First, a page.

In The Wake Of The London Attack, June 3rd, 2017
By now everyone has seen and heard about the terrorist attack at London Bridge and Borough Market. Currently leaving seven dead and 48 seriously injured. As a Canadian living in London thankfully I have never experienced this kind of anger, panic and terror these extremist groups are invoking on others. However this Canadian girl has now found myself in the middle of city that is a prime target for attacks. Am I fearful….? Not yet. Am I keenly aware of my surroundings as a potential target….? You bet I am.
This recent terrorist attack on London played a little too close to home. The first reported victim was a Canadian woman named Chrissy (a short form of my name only few have dared to call me). She moved to London to be with her finance. Hmmm?? In fact, my handyman Tim whom I saw just a few days after the attack first words to me were, "Thank God you are alive". I wasn't even sure why he was so happy to see me. But then he said, "I heard about the victim and I thought it might have been you". Chrissy’s friends and family were not as fortunate.
As the phone calls, texts and emails came flooding in to make sure I was safe, I watched live on TV as the attacks unfolded. As television and internet viewers of 2017 we have become sadly desensitized to what we are watching even though those horrible, horrible events were live and unfolding just a few miles from where I was safely lying. I was strangely disconnected, in disbelief. It was not until the next morning when I went for a walk it hit me, I might not be safe.
I now was keenly aware of my surroundings. Very aware.
Not too far from the attacks, two days later on Monday June 5th, thousands of people gathered at Potter’s Field at London's City Hall to pay their respects to the victims. I knew I had to go.
I brought my thoughtful but totally inadequate boutique of flowers and travelled across the city on the Circle Line to pay my respects. As I got off at the London Bridge Tube station my heart truly was pounding through my sweater. I was scared, I mean honestly. This now was very real.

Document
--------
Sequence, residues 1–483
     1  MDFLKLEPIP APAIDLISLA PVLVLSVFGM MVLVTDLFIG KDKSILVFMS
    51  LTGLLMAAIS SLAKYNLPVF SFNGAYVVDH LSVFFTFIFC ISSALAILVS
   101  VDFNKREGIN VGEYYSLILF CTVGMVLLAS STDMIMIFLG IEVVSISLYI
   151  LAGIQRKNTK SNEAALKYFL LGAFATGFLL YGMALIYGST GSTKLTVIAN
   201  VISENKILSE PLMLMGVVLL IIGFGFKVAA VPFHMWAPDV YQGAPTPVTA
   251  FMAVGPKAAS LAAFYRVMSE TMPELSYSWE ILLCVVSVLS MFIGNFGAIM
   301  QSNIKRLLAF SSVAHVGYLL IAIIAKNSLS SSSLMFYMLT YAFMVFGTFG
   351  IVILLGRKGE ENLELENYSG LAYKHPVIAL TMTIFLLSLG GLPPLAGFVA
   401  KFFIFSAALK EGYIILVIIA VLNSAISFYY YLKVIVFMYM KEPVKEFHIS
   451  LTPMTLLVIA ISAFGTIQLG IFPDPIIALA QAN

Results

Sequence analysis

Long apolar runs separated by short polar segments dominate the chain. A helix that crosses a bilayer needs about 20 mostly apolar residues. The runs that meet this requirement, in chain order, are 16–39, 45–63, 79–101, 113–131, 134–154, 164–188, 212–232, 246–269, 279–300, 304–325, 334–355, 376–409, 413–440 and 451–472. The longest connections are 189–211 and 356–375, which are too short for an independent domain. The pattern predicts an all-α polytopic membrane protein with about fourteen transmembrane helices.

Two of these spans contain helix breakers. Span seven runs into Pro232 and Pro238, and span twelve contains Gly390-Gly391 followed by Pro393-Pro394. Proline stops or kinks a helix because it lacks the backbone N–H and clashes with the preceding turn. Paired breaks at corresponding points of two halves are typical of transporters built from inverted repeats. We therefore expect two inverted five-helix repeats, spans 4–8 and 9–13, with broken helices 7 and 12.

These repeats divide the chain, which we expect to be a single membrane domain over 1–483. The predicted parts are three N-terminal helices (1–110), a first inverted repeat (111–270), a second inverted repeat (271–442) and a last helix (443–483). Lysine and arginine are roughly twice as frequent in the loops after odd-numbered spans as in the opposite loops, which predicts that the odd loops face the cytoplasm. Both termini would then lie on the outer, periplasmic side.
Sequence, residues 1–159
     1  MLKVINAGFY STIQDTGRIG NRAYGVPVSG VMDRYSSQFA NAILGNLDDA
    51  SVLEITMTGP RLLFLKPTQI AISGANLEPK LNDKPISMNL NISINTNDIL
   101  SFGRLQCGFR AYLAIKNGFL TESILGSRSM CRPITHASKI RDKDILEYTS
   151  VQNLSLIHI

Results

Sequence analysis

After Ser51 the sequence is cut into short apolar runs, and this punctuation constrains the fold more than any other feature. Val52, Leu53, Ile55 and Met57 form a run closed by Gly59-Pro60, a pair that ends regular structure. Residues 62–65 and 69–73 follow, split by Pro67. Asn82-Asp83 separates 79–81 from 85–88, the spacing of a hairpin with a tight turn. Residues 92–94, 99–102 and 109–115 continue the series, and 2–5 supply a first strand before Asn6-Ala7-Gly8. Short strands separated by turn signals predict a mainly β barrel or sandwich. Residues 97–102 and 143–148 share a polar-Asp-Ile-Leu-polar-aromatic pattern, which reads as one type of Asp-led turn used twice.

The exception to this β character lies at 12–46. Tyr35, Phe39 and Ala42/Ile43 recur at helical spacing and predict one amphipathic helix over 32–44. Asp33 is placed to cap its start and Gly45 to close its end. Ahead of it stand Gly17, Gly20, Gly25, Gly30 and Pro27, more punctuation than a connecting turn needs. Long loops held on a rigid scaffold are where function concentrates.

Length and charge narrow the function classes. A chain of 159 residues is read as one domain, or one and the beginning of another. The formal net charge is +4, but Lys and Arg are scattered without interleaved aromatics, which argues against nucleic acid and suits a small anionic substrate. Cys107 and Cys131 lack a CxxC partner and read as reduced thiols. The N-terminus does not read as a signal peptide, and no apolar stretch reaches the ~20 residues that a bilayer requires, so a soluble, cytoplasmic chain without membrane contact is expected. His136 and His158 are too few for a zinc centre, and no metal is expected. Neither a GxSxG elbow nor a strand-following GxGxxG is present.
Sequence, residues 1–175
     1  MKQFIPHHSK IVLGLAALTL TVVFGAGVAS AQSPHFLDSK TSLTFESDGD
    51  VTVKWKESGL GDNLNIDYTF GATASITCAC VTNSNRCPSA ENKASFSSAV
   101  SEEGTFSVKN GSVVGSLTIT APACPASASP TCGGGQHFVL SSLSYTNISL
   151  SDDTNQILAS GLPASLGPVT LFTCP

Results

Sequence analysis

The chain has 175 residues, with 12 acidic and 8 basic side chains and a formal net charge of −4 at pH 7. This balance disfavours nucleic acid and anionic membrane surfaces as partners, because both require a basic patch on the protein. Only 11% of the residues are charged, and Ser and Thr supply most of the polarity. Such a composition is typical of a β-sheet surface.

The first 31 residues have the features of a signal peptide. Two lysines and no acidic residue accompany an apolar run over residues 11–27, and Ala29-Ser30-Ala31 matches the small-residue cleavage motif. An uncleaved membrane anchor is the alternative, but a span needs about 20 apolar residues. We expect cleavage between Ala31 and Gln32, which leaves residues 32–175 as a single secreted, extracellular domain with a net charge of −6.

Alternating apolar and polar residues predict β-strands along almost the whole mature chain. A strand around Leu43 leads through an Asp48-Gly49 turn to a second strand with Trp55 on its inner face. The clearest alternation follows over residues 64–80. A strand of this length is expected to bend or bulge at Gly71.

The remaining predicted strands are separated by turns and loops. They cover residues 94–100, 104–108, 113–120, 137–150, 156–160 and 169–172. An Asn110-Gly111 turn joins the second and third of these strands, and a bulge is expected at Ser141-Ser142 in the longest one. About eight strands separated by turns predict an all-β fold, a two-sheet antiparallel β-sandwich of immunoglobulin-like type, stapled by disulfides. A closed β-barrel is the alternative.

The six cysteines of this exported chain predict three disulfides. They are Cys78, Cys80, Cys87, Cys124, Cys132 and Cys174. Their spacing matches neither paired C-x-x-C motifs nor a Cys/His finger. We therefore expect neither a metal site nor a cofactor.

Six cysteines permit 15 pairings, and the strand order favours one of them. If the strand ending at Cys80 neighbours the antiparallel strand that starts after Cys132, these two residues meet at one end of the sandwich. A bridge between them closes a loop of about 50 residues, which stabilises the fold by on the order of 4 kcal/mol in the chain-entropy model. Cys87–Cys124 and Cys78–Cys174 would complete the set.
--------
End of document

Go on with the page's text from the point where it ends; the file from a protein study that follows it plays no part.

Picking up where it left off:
There were many policemen holding their machine guns, fingers on the triggers BUT... many, many more people were carrying flowers. I followed the crowd who were carrying flowers... for the people they never knew.
As I walked towards this large gathering I wondered where was heightened security? Where are the metal detectors everyone needed to walk through and the bag search? How are they going to keep us safe? But there was none of that. Not a single knapsack was searched. We walked and stood in the rain, thousands of us. All religions, races, nationality and ages. Was no one as afraid as I was? The answer was yes, some.
But then I felt it…the tremendous strength in numbers. I need to repeat that, “strength in numbers”. As the Major of London spoke he sad loudly “we will defeat you, you will not win… you will never succeed in dividing our city”.
"Unity and love will always be stronger than the hate of the extremists".
"London will never be broken by terrorists. London stands in defiance against this cowardly attack and our city and our people and our values and our way of life".
And there... at that exact moment in the large unsearched... unscreened crowd… I understood. To be fearful, to stop living your life is to lose the battle against terrorism and just like that... I was no longer afraid.
So like the other Londoners, we paid respect and went back on living. The odds are 1 in 10,000,000 I will be killed in a terrorist attack. I have twice as good odds as a left-hander to be killed using a right handed product (good to know). Or more likely crossing the street in London. So I will enjoy my moments of my day, look both ways before I crossed the streets...and in the words of my father, " I will not let the bastards getting me down".